The prospect of falling off is probably the scariest part of learning to ride, or getting back into riding, but the fact is you’re not really a proper rider until you’ve had a fall. There is a reason they say falling makes you a better rider — and, if you think about it, jump jockeys and event riders fall off all the time.
This may sound mad but, if you’ve never fallen off, the best thing for your riding is to get it over with as soon as possible: the chances are you’ll pick yourself up and dust yourself off — all accompanied by the pleasant sensation that it actually wasn’t that bad after all.
Of course, we don’t all want to be falling off our horses left, right and centre, just for the sake of it. Happily, there are lots of tips which can help to minimise the risk of falling, but if the worst comes to the worst and you realise you’re headed directly out of the front or side door, there are also some things you can do to minimise damage to yourself or your horse.
A good way of preventing a potential fall is to make sure that your horse has the right tack, fitted correctly. If he is uncomfortable, he’s much more likely to try and throw you off: a surprising amount of ‘difficult’ horses have been improved by just changing the fit or the components of their tack, from the bit to fit of the saddle.
Once you’re on board, the best tips for staying put are to maintain your balance, and contact with the horse, and to remain alert. If you are familiar with the horse you are riding, you will know what makes him spook: some horses can’t bear plastic bags, and others hate lorries or even squirrels, and keeping a relaxed eye out for any potential hazards allows you to be prepared. However, if you do see something likely to make him jump, don’t tense up: stiffening in the saddle and gathering up the reins will only make him anticipate excitement.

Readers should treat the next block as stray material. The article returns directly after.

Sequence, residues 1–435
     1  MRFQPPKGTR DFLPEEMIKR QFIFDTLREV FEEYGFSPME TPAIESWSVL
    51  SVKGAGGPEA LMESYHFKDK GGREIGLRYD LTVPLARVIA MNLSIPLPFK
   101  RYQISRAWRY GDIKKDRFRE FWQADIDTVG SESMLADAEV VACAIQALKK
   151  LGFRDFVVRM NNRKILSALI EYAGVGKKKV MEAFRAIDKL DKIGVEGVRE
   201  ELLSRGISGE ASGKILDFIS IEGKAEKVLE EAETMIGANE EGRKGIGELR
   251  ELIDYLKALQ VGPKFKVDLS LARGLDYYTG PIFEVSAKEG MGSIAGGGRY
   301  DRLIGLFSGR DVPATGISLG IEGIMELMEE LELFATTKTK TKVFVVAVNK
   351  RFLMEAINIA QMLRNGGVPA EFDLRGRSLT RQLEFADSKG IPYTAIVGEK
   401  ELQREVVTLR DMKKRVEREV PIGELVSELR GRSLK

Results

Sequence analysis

If a horse leaps upwards, or sideways, puts his head between his knees or performs an unexpected cat jump over a pole, the things which will keep you glued to the saddle are your balance and your centre of gravity. Hold on with your thighs, not onto the reins, keep the balls of your feet firmly in the stirrups, and try to remain calm. Whatever he’s up to won’t last long.
If you are going to fall, whether you see it coming or you suddenly find yourself inexplicably flying through the air, try to relax rather than tense your body. Fight the instinct to put your arms out to break the fall; instead cross your arms with you elbows tucked in, and try to land on your shoulder and tuck yourself into a roll. Don’t hang onto the reins – your horse usually won’t go far – and try to roll out of his path. The chances are he will be as shaken up as you are (unless he’s a naughty pony up to his usual tricks).
The most important thing to protect you is a properly fitted, brand new BHS-approved riding hat. It must be of an approved standard, which you can check on the BHS website, with a quality assurance mark on the inside. Ideally, it will be fitted by someone who has had appropriate BETA training. It is also essential that children wear body protectors when riding at all times to minimise any damage to their back or torso if they fall. These need to be fitted as carefully as hats, as they aren’t any use if they aren’t exactly the correct size — there are useful guidelines on the BETA website.
When you’ve landed, feeling winded is quite normal. To check you’re unhurt, wiggle everything from your toes up, then very slowly sit up and then stand up, and finally go to reassure your horse and check that he is unhurt. Do remember that if you landed on your head or back, and your helmet or your body protector took a bash, either or both pieces of equipment may need to be replaced.
It’s true that the best thing for you is to get straight back on — provided you haven’t done yourself any damage — so once you and your horse have your breath back it’s time to quietly mount up and calmly continue on your way. And give yourself a pat on the back: you’ve done it, and survived to tell the tale!
If you are someone, or know someone, who is extremely nervous about falling or who has had a bad fall there are some good rider confidence courses, including the one at the centre for horseback combat.